Cemetery clean-up honors those who came before us
May 21, 2009
- Woodlawn Cemetery is the only active private cemetery on a military installation in America
- Students honor buried veterans by cleaning cemetery
- history of Memorial Day
FORT BELVOIR, Va. -- At 6 a.m. Saturday, CWO2 Clint Harris began mowing Woodlawn Cemetery while his son, Jason, raked leaves. By 8 a.m. about 50 others had joined him from Fort Belvoir, Woodlawn United Methodist Church and Fort Belvoir Elementary School. They were there to clean the cemetery and honor veterans buried there by placing flags at each headstone in honor of Memorial Day.
Students and their families from Fort Belvoir Elementary volunteered their time Saturday to rake and bag debris.
"I came out here because I wanted to help clean the cemetery for all of the veterans who died in honor of Memorial Day," said Logan Bell, 11-year-old Fort Belvoir Elementary student.
Memorial Day was originally known as Decoration Day because it was a time set aside to honor the nation's Civil War dead by decorating their graves. In 1971, Congress declared Memorial Day a national holiday to be celebrated the last Monday in May.
So the graves would be decorated in time for the holiday, volunteers came with rakes, hoes, shovels, lawn mowers, and trimmers. Wearing tennis shoes, work out apparel and gardening gloves, the community was prepared to work hard and accomplish the task at hand.
"This is a tribute and good opportunity for the community to come together," said Mattie Fallen, reading specialist, Fort Belvoir Elementary School. "We want to teach our youth to give back, give them a sense of community and to be responsible citizens.
"Being that today is so close to Memorial Day, this clean up is even more special. I've been reflecting on the history of this area and am proud to see how far we have come."
There are many compelling stories of those who lie in Woodlawn Cemetery along with many other veterans who not only served their community but their country. Several WWII and a Vietnam veteran are buried in the cemetery.
"I'm excited about this project, my parents are buried here," said church member Mildred Gibson. "There is so much history here, it's so nice to see the children here and that they are a part of its preservation."
In her dissertation, Educator and Gum Springs resident, Judith Sanders Burton wrote, "In 1865, small groups of former slaves gathered to establish a church in the vicinity of old Camp A.A. Humphreys, now known as Fort Belvoir. In 1866, the first church was built on the plot of land where the Woodlawn Cemetery is currently located. The first step of the church is still on cemetery grounds. The land was a gift from a Quaker, Joseph Cox."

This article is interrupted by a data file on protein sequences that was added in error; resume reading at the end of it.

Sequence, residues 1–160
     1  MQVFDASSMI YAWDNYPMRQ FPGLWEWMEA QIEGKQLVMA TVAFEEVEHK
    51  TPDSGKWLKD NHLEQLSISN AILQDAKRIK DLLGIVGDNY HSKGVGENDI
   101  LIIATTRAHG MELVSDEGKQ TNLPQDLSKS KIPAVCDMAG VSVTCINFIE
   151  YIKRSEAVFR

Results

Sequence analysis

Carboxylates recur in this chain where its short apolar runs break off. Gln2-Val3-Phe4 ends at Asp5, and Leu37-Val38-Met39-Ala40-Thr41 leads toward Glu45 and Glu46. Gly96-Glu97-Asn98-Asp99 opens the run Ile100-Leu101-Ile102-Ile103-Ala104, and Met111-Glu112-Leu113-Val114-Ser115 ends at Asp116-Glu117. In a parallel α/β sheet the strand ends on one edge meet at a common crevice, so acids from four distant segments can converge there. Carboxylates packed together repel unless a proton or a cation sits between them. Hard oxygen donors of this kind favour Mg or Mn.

In 1888, the first church was torn down and a second church was erected on the opposite side of the road, where Fort Belvoir Elementary School is located currently.
After 1940, numerous families were displaced from their small farms during Belvoir's expansion. It was this phase of the expansion that the small historic African American community of Woodlawn disintegrated. The Woodlawn Methodist Church and residents moved north to Gum Springs.
The Belvoir Castle Newspaper reported in the June, 12 1987, edition: "In fact, according to a recent edition of Ripley's, Believe it or Not, Woodlawn Cemetery is the only active private cemetery on a military installation in America. Believe it or not."
"Most of those who are buried in this cemetery don't have relatives in the area , most of the relatives have moved. The upkeep of the cemetery is important, it's been wonderful how the community has come together and gotten involved," said Sam NeSmith, the church's interim pastor.
When the morning began, the grass and weeds stood about 2 feet tall in the cemetery, leaves and branches covered the ground, small trees has begun to grow, and large ant hills were everywhere.
By noon, 100 bags of leaves, debris and trash sat in tied bags next to the cemetery fence. The lawn was moved, raked, and looked professionally manicured.
Fallen, in conjunction with Pauline Hunter, Community Relations Branch Chief, Public Affairs, wanted to connect the students with a long-term beautification project. They were introduced informally, and a partnership was formed to facilitate a bi-annual clean up of the cemetery on Memorial Day and Veterans Day.
"To see this kind of involvement is really an inspiration to the school, post and church. Everyone here is just so excited to work," said NeSmith. "This gives us hope this project will continue perpetually. It's the only way we can keep this facility as a nice scenic attraction. The involvement from non-church members has really helped build community, which is vital for such a project to continue."